Taming the monster under the bed
Baby Steps

WHETHER it's from YouTube , a programme on TV, seeing their shadow and being scared, or being told some story by other children, at some point your little one will unleash the fear of the “monster”.

For some children this is just a scary concept that they'll mention a few times then move on, but for others, the fear will mean that they're scared of things like shadows or things that go bump in the night, and may not be willing to do things like sleep alone. What do you do when your toddler is terrified of the monster under the bed?

“The experience with monsters or nightmares will start around age two or three, and these can be terrifyingly real to the child,” says early childhood practitioner Maureen Dennis.

“It's not really a stage that parents can avoid — it's just important that you understand that up to half of all kids will experience this, and it's your guidance that will have them get through the process.“

She suggests these 10 tips for dealing with the scary stuff.

1. Create a bedtime routine that's light and relaxing. This means no scary books, and no activities that will leave the child feeling anxious and scared.

2. Talk about what makes the child scared during the daytime. Don't wait till it's bedtime or night-time to have that talk, or to try to reassure them that their fears are for naught. This will just add to their anxiety, especially if you can't answer their questions in a way that is reassuring to them.

3. Make their sleep space comfortable, and be a reassuring parent. Don't laugh at, or try to downplay their experience, even if you think it's silly. Example, if your child is afraid of shadows or certain sounds, try to show them the source, instead of just saying there's nothing to worry about. Also, a room where the night light casts many shadows will be a source of anxiety, so try to eliminate that as much as you can with the correct lighting.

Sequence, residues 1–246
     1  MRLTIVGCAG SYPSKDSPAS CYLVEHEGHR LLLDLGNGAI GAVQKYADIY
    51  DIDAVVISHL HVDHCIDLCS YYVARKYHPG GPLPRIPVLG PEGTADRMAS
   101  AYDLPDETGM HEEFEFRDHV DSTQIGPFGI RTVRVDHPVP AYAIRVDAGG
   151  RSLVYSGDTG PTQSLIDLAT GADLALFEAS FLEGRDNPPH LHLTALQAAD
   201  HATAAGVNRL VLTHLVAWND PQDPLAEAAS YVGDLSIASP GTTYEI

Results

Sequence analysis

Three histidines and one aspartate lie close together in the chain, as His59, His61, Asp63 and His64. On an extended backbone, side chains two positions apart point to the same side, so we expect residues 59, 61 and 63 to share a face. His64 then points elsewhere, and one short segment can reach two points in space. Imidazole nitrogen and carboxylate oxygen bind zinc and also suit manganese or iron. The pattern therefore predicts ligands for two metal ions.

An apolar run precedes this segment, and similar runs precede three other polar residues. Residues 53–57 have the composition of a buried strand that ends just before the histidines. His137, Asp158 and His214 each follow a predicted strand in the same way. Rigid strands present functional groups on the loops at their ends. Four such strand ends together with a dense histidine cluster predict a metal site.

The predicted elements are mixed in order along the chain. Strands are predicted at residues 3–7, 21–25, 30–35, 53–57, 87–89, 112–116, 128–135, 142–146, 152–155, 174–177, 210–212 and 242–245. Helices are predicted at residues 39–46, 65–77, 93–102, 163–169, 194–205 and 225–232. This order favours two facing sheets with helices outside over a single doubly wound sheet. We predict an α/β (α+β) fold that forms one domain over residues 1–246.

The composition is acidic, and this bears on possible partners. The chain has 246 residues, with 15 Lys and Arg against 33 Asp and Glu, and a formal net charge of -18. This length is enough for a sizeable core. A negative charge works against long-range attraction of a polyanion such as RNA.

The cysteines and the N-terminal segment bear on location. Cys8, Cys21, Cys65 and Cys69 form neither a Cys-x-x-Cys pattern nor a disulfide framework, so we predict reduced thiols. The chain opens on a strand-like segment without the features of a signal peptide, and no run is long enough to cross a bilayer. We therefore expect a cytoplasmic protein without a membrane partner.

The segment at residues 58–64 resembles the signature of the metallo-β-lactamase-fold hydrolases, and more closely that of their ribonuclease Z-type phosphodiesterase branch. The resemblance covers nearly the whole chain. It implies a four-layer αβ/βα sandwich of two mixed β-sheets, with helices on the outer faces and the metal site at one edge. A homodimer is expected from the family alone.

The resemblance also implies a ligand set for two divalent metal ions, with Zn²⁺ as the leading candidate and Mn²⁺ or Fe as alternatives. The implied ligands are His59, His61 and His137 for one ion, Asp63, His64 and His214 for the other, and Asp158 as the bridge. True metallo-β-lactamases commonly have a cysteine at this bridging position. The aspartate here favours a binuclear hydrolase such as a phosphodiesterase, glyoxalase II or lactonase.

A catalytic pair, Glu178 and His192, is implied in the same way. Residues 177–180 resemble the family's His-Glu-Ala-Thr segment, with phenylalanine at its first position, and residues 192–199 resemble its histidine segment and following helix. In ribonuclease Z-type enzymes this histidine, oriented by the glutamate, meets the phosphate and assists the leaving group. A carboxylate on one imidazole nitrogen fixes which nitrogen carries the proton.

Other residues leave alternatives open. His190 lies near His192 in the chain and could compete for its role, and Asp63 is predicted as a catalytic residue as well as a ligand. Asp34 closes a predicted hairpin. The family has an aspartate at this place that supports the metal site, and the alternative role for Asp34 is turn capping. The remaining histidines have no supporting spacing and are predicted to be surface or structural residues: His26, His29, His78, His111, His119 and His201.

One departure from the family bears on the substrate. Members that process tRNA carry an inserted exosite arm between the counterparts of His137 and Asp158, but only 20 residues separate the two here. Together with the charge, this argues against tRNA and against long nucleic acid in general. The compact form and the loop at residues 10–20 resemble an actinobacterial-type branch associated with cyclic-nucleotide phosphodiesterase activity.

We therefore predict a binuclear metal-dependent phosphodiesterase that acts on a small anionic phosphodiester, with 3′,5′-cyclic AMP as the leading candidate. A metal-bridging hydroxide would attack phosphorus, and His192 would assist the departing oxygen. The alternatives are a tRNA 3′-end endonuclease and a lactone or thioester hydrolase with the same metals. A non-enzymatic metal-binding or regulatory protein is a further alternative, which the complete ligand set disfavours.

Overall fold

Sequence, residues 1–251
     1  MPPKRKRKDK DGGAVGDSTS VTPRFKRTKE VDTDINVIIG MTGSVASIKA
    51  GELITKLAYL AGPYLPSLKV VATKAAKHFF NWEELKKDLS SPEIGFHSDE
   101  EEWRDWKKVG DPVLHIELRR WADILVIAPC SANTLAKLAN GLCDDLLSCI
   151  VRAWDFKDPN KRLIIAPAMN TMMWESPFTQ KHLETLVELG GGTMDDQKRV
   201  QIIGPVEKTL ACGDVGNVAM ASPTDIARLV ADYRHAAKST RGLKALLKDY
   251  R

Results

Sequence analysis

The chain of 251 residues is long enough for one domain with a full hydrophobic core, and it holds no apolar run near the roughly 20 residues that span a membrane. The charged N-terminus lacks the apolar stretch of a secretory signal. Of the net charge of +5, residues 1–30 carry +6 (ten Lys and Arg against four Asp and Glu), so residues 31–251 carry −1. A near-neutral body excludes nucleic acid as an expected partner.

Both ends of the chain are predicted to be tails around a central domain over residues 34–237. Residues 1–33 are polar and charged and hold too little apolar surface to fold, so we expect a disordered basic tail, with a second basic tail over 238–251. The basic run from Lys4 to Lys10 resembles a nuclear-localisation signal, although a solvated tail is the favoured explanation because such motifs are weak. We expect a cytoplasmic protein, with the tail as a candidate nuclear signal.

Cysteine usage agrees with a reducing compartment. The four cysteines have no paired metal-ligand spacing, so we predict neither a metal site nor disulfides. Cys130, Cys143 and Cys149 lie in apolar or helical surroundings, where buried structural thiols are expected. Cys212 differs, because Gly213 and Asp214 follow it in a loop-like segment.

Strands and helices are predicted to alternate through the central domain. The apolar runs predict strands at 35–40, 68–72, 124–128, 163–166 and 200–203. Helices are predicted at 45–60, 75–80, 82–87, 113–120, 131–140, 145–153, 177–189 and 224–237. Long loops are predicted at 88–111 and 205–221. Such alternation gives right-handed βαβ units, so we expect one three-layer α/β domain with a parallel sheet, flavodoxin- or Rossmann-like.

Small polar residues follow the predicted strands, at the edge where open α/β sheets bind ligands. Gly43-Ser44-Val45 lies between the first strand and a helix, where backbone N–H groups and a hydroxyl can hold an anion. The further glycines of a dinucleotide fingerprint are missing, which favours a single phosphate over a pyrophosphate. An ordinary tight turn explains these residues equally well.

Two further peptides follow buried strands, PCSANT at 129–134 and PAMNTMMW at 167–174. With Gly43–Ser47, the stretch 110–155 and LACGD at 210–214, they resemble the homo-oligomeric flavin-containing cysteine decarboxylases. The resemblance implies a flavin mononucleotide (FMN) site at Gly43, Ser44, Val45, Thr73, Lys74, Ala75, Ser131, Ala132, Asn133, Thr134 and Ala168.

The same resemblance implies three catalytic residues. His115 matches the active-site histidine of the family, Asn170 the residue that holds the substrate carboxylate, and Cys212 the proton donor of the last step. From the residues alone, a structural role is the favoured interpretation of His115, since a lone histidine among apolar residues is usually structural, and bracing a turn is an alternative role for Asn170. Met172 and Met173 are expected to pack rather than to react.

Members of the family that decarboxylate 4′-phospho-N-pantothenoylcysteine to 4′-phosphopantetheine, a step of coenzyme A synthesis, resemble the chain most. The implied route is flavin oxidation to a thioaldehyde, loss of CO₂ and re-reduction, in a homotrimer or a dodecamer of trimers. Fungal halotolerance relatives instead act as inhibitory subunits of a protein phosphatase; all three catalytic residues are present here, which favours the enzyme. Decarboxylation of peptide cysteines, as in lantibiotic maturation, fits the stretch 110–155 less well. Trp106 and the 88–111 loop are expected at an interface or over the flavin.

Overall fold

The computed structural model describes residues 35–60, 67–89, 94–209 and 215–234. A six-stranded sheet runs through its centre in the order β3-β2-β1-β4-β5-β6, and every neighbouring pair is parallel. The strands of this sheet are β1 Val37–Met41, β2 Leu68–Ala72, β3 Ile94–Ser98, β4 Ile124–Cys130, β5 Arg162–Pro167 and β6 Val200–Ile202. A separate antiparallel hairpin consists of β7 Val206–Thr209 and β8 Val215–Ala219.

4. Don't encourage them to come in your bed all the time, rather, you can leave the bedroom door open so they can know that you are close by.

5. You may need to enlist help if what you try doesn't work — this can be something as simple as stocking up on books that focus on other kids getting over night-time fears.

6. Don't allow the children to watch scary movies at all, and especially not before bed.

7. Don't make a habit of relating your fears about ghosts or other things that roam in the night to your children, especially at night. Children feed off their parents' fears.

8. Provide the child with security, emotional comfort and a sense of safety. For example, play soothing music, and if needs be, use art as therapy — encourage them to draw the monster, then you can tear up and dispose of the “bad monster”. That way they will see you as the monster slayer who will be right next door to help if they need you.

9. Find out specifically what your is child afraid of. Listen to your child, so you know exactly what the source of the fear is. Don't make fun of your child's fears, as what may seem funny or trivial to you is very real to your child.

10. Finally, work on building your child's self-confidence and coping skills. Do activities during the day that makes the child the hero, able to conquer all, so they'll feel less afraid at night.

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